CAMBRIDGE — Tufts University assistant professor of music Frank Lehman estimates he’s probably seen each “Star Wars” movie between 10 and 15 times, and listened to the soundtracks hundreds of times. Being a fanboy, it turns out, is part of his job.
“As a scholar, my No. 1 hope is to reach as many people as possible and speak to their musical experiences,” Lehman, whose work zeroes in on film music, said in an interview. “In this day and age, when musical access is so high but so fragmented and diverse, to have something that’s relatively universal as ‘Star Wars’ . . . I don’t think it’s an exaggeration to say, at least in America, if you stop the average person on the street and ask them to hum a theme from ‘Star Wars,’ they’ll be able to do that.”
A native of Needham and alumnus of Harvard University, Lehman maintains a catalog of every single leitmotif and theme used in the “Star Wars” saga, from the bombastic Imperial March to the skittering faux-Baroque battle music that underscores Admiral Akbar’s shout of “It’s a trap!” in Episode VI.
And in his new book, “Hollywood Harmony: Musical Wonder and the Sound of Cinema,” Lehman draws on examples from “Star Wars” and other epic movie scores, such as Howard Shore’s soundtracks to the “Lord of the Rings” saga. The book explores the practices that separate film music from concert works, the techniques composers use to send shivers down listeners’ spines, and what it means when something “sounds like film music,” which, Lehman recalled, was not typically used as a compliment when he heard it as a composition student.
It’s a rewarding read, but not what anyone would call an easy read: If you pick it up, you might want to have a piano at hand to plink out the passages, or at least have Oxford University Press’s companion Website of musical examples in front of you.
Q. Most of our readers don’t have an advanced knowledge of music theory, and your new book draws on a branch called neo-Riemannian theory in particular. Explain that like I’m 5 years old.
A. For a very long time in the history of conceptualizing music, we have primarily focused on musical objects like chords, intervals, melodies. I don’t think that music is necessarily heard in that way. It’s in time. It’s based on relationships rather than unmoving successions of objects like chords. So in the 1980s and 1990s, in the discipline of American music theory, there was a shift that occurred away from the solid-object-state view of music and musical processes and towards ways of tying together musical phenomena that were much more grounded in listener psychology.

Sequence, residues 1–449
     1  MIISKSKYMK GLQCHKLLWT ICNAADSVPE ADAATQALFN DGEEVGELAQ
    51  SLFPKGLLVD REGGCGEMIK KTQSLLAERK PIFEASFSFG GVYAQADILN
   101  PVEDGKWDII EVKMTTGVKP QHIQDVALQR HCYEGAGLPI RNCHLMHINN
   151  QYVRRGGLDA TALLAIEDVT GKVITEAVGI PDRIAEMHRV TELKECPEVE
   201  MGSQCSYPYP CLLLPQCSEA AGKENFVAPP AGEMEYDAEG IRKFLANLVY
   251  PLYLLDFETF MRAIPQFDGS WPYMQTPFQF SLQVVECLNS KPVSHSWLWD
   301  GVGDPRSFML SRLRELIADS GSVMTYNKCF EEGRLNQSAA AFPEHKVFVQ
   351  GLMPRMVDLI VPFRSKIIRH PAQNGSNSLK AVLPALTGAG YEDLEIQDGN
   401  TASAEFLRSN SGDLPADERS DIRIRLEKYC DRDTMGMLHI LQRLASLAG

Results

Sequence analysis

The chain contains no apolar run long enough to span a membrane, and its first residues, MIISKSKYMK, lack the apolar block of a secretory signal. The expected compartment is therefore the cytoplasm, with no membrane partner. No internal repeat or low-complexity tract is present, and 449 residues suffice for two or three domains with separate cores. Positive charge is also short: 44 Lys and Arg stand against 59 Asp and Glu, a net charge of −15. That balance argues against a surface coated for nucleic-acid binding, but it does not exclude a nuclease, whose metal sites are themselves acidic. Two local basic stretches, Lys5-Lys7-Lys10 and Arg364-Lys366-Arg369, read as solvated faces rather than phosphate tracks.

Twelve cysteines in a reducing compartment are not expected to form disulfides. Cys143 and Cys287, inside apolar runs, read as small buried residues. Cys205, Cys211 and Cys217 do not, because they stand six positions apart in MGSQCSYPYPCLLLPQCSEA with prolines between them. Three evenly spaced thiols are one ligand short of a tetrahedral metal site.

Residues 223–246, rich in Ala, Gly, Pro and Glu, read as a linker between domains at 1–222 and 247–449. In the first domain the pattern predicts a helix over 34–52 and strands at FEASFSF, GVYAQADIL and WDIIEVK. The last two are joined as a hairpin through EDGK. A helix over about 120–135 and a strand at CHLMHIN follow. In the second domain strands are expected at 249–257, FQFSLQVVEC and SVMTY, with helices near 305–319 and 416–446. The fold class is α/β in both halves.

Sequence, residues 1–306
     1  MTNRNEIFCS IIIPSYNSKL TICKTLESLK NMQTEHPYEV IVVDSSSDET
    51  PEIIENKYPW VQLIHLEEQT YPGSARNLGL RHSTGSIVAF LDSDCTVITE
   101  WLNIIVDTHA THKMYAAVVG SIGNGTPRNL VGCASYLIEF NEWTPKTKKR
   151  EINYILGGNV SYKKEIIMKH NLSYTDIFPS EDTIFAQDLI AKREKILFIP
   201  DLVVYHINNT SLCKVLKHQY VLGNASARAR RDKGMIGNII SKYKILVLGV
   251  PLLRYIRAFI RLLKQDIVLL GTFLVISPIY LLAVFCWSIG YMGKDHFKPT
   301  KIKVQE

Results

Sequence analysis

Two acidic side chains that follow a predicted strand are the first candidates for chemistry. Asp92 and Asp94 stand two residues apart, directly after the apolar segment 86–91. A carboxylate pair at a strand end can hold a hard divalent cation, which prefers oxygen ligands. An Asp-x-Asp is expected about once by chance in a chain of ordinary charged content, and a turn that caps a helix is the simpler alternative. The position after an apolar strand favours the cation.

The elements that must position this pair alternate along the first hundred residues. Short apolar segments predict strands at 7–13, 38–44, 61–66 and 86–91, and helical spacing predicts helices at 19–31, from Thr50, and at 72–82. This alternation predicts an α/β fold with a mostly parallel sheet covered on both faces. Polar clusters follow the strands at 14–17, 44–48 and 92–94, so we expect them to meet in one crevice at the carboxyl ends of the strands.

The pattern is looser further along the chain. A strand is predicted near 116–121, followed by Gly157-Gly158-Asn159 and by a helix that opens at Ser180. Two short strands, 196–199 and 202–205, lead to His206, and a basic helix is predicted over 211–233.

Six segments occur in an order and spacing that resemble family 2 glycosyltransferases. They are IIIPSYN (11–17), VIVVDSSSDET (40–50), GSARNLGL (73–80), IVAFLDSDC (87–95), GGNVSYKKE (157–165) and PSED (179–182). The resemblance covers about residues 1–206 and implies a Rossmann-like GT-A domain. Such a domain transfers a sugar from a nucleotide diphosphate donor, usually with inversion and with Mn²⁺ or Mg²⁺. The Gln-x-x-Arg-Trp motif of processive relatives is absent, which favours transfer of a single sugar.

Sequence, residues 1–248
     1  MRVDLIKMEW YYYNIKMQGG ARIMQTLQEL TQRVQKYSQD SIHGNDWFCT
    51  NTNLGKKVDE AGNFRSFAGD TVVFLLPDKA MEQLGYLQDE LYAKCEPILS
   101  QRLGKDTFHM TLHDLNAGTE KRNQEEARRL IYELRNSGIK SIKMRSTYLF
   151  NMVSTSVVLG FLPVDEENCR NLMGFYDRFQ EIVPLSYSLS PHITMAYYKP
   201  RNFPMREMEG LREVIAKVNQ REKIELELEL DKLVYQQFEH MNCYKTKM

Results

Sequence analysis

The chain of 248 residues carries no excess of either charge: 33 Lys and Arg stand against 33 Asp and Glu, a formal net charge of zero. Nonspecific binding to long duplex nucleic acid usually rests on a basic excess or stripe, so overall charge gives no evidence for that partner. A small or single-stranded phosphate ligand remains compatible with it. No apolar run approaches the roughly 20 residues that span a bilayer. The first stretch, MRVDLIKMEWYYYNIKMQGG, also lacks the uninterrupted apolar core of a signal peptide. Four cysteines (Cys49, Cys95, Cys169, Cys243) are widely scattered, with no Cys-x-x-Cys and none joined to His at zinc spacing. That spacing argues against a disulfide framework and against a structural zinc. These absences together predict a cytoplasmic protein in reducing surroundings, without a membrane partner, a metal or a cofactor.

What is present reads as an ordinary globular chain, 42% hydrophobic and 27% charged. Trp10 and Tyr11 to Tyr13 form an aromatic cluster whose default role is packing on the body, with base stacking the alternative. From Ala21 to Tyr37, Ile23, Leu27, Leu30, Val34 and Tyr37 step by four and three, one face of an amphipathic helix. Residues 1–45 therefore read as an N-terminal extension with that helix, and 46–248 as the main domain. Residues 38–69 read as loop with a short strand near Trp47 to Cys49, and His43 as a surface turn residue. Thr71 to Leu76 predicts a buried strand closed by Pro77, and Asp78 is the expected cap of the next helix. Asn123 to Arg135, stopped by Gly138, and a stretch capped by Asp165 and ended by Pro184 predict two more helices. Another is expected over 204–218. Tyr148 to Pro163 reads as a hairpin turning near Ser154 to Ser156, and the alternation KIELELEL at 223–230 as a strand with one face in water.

Q. What are some devices that composers can use to cause feelings of wonder and frisson? Do composers try to cause frisson in the film scores you research?
A. I think they do! . . . Absolutely, composers are going for these effects where people are almost involuntarily led to have goosebumps. It takes a real musical know-how to write these sorts of devices. The one that I emphasize in the book is harmony, the chromatic connection of different chords, and the play of expectation that comes along with those things. But you don’t even necessarily have to rely on pitch. Volume will do it. Timbres, particularly voices.
Q. Do you think that there might be an element of snobbery at play when people use “sounds like film music” as an insult?
A. I’ll say this: I don’t think that film music clichés would have gotten to that level had they not worked in the first place. They rely on the greatest amount of dramatic and aesthetic intelligibility as possible. So they’re guaranteed to elicit the sort of emotions that the filmmakers want.
The leitmotif technique: It wasn’t as though John Williams invented that. It wasn’t something that had totally disappeared, and on its own it’s not a particularly complicated maneuver. A big part of this is how effective [leitmotifs] are. If they weren’t successful, composers would stop using them and move to something else.
Q. Let’s talk about your catalog of “Star Wars” leitmotifs: I saw you just updated it to include “Solo.”
‘If [leitmotifs] weren’t successful, composers would stop using them’
A. I found it fascinating to see what a non-John Williams composer does with Williams’s style and his themes. It’s an artistic success in a lot of ways. Williams provided John Powell with two leitmotifs for Han Solo, and it gave Powell cachet to say “This is going to be in the sound world because these are Williams’s themes that I’m working with.”
But the vast majority of the score sounds more like John Powell. It has interesting percussion and orchestration. The sense of harmony is really sophisticated. There’s a heaviness to his writing, which I think is kind of welcome. Powell is a little old-fashioned in this context.Zoë Madonna can be reached at firstname.lastname@example.org. Follow her on Twitter @knit
andlisten. Madonna’s work is supported by the Rubin Institute for Music Criticism, San Francisco Conservatory of Music, and Ann and Gordon Getty Foundation.